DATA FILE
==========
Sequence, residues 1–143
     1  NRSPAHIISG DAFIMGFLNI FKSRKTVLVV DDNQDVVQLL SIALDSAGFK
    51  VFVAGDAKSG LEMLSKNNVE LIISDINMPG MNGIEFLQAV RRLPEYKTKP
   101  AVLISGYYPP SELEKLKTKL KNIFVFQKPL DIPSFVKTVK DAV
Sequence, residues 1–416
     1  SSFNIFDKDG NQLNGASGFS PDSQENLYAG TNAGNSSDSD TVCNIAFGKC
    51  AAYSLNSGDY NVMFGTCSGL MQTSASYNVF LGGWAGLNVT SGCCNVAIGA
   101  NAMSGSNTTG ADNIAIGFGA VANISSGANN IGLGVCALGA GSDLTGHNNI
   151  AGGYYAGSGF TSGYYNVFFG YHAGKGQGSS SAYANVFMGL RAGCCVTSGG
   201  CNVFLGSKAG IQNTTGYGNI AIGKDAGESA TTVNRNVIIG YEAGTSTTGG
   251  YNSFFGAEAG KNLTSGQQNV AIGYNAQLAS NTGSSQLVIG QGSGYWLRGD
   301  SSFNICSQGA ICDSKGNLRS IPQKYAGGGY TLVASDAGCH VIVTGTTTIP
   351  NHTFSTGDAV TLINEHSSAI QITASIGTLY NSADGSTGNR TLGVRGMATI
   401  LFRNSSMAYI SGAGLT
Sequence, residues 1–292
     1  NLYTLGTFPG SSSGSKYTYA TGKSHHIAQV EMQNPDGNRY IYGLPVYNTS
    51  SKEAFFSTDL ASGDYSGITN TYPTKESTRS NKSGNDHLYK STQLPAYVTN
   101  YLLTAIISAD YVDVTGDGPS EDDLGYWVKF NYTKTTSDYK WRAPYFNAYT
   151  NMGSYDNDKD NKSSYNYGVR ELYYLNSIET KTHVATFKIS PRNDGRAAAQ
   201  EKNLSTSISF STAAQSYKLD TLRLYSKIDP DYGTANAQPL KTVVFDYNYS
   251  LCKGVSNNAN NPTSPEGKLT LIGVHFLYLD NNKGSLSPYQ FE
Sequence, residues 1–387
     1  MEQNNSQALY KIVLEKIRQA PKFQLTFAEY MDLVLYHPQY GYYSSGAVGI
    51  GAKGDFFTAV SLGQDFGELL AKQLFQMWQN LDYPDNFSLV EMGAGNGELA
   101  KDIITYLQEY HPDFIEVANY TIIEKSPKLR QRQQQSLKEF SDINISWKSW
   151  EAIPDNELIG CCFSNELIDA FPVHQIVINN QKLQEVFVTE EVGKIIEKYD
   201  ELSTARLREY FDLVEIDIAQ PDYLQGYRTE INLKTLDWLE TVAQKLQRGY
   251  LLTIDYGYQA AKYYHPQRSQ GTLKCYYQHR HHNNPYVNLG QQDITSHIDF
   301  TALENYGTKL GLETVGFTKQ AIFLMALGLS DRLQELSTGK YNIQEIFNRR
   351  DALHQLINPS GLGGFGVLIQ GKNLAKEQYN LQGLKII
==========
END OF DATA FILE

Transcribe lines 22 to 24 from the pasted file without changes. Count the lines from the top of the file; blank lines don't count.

Sequence, residues 1–387
     1  MEQNNSQALY KIVLEKIRQA PKFQLTFAEY MDLVLYHPQY GYYSSGAVGI
    51  GAKGDFFTAV SLGQDFGELL AKQLFQMWQN LDYPDNFSLV EMGAGNGELA